War on drugs: The families left behind

Patty Pasion
War on drugs: The families left behind
Thousands have died in the government’s brutal war against illegal drugs. Here are some of the stories of the families they left behind.

MANILA, Philippines – When Marites Fernandez realized how lives of illegal drug users and pushers were at risk with the massive anti-illegal drugs campaign, she was quick to warn her brother Eduardo Francisco.

Bimbo, she told him, “Huwag ka nang lalabas kasi napakadelikado. Sunod-sunod ang patayan. Sabi [nila] lahat ng sumusuko, ganun pala ang ginagawa.”

(Bimbo, don’t go out because it’s very dangerous. There have been successive killings. They said that’s what they do to those who turn themselves in.)

Marites, 40, said her brother was among those who surrendered to local authorities the moment the government announced those who promised not to do drugs again would be immune from arrest.

Marites did not deny her brother’s involvement in drugs. She said Francisco only did it because he had no other means of providing for his wife and 3 children – including a 4-month-old baby.

“Someone – I do not know – gives him a pack of drugs, which he has to sell to earn money. He only gets a small portion of the money, which he automatically allocates to buy rice for his family,” Marites said in Filipino. 

“Basta ang importante sa kanya, makabili siya ng bigas,” she added. (What’s important for him is, he is able to buy rice.)

Bimbo was gunned down by unidentified men riding a motorcycle on August 23 in Barangay Rosario, Pasig City. Barangay officials said he was invited that night to a late dinner at a nearby tapsihan (eatery) by a police asset.    

Although she is uncertain who the people behind her brother’s death are, Marites wished Bimbo was instead arrested.

“Sana kung ganun na lang pala, sana kinulong na lang nila – nakita pa naming buhay ‘yung kapatid ko. Ang dami na naming problema, dinagdagan pa nila,” Marites said as she wept before her brother’s coffin.

(If that was going to be the case, they should have just arrested him – then we would have still seen our brother alive. They just added to our already many problems.)


border-left: 2px;background-color: rgba(0,0,0, 0.5);color: white;“> “Kung napatunayan niyo, kulong niyo na lang eh, o kaya patayin niyo sa harap ko, papayag pa ako. Pero ‘yung walang kalaban-laban, papatayin niyo at pagbibintangan nyo pa, parang ang sakit naman kasi nun.”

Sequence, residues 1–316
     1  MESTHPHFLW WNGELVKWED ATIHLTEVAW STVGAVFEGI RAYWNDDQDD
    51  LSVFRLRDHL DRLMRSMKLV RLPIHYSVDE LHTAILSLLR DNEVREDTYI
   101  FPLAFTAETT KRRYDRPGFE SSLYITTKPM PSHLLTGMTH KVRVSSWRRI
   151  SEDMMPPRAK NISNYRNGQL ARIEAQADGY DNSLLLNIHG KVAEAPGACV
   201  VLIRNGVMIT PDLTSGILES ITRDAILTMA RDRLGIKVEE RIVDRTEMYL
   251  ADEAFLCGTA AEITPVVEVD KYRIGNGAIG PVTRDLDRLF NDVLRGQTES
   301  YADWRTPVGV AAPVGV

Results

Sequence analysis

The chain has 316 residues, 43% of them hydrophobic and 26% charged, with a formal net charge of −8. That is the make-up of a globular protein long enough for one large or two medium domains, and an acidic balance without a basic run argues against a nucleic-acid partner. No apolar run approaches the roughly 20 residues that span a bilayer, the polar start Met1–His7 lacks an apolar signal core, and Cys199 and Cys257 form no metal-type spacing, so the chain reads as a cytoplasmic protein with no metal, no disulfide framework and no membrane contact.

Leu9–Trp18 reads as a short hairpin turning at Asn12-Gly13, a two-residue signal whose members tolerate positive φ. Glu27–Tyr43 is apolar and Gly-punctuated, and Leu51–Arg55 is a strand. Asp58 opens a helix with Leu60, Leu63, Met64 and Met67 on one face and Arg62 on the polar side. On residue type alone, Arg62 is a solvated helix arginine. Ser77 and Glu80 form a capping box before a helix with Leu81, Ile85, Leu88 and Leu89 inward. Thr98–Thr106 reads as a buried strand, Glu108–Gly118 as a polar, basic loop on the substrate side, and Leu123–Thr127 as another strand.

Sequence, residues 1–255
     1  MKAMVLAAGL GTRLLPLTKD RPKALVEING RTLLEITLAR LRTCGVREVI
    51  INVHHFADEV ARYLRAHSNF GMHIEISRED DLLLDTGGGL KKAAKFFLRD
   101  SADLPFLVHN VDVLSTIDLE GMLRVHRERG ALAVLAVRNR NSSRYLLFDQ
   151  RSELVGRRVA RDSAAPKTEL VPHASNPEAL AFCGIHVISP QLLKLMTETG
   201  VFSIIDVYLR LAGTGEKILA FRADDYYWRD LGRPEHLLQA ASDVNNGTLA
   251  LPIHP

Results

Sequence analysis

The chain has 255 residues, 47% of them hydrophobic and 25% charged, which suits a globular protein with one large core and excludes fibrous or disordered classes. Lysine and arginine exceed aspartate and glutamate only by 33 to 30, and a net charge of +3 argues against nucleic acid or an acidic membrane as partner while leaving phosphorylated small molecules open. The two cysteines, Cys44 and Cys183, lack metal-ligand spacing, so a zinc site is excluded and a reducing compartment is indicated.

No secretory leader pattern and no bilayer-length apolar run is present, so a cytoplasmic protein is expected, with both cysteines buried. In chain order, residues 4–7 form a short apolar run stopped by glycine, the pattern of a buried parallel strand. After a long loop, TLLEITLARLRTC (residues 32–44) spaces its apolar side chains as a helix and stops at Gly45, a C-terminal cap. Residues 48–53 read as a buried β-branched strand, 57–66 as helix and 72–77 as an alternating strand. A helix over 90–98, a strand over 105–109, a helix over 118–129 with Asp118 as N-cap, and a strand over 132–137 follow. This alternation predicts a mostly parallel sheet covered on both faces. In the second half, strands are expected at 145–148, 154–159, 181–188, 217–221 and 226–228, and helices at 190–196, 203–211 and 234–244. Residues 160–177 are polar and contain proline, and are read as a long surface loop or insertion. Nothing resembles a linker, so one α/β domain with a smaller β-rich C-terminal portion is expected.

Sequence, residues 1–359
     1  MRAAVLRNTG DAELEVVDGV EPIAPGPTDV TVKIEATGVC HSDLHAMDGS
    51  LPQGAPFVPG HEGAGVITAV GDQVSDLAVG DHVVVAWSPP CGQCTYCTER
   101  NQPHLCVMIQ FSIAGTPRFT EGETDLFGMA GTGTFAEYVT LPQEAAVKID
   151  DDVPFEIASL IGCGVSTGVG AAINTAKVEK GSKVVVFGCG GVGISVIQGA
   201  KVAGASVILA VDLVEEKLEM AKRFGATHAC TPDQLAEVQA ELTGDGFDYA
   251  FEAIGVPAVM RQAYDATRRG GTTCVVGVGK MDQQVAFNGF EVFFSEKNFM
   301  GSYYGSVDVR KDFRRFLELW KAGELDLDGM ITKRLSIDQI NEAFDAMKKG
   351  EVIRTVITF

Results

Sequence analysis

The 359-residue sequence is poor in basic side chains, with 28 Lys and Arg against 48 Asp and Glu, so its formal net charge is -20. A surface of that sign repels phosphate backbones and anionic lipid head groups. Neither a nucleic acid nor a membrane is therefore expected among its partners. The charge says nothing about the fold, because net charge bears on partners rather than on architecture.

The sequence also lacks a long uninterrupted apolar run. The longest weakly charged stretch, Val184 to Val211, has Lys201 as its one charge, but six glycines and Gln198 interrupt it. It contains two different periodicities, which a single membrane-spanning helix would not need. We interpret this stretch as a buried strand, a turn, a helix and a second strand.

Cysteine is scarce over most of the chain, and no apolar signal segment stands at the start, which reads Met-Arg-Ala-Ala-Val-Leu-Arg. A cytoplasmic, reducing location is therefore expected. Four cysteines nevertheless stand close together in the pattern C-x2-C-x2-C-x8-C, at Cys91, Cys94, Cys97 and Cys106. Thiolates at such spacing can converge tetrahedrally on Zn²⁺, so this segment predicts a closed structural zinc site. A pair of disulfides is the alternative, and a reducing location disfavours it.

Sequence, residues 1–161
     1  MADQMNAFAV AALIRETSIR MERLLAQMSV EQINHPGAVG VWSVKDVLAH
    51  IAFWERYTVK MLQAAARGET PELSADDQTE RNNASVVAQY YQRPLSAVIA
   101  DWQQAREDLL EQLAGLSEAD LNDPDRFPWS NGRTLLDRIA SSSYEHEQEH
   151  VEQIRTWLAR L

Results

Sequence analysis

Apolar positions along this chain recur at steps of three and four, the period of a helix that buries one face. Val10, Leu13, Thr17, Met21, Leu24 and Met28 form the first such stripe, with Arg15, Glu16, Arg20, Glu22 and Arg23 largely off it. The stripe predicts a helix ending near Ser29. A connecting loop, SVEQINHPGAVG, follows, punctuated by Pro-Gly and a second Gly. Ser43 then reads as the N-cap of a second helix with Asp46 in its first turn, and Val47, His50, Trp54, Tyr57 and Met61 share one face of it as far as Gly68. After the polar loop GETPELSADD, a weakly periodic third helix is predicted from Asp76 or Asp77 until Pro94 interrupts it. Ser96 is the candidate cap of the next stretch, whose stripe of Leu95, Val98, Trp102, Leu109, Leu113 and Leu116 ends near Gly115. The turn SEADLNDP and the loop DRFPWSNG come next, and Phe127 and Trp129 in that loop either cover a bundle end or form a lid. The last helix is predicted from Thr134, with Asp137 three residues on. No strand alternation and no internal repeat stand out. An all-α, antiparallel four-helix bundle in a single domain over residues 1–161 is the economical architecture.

Marie refused to be named because she did not want to compromise her family’s plans to file a case against the police. She strongly believes that the drugs found in her brother’s home the night the police tried to arrest him were planted by authorities.

Her brother was shot because he fought back, she said. 

“Our family thinks that the drugs were planted. Because first, we know how he sleeps. Second, the drugs were in the cabinet where he keeps his clothes. There was a cigarette box there. The cigarette was Mighty. But he doesn’t smoke that brand. You’ll figure it out too. That’s common sense,” she said in Filipino. 

She also denied her brother’s involvement in illegal drugs. But if it were true, she said the police could have just arrested him.

“Masakit din. Kung napatunayan niyo, kulong niyo na lang eh, o kaya patayin niyo sa harap ko, papayag pa ako. Pero ‘yung walang kalaban-laban, papatayin niyo at pagbibintangan niyo pa, parang ang sakit naman kasi nun,” she said.

(It’s painful. If you had proven it, you could have detained him or killed him in front of me, I’d even agree to that. But to kill him when he was defenseless and accuse him, that’s too painful.)

Marie is keen on filing a case against the police to give justice to her brother’s death, also calling on others to collectively stand up against the killings.  

“I just want justice for him. Because based on what I see from reports, they said that he fought back and he had a 38-caliber gun and drugs. I think the people know that it’s really just evidence planted by the police.” – Rappler.com  

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Patty Pasion

Patty leads the Rappler+ membership program. She used to be a Rappler multimedia reporter who covered politics, labor, and development issues of vulnerable sectors.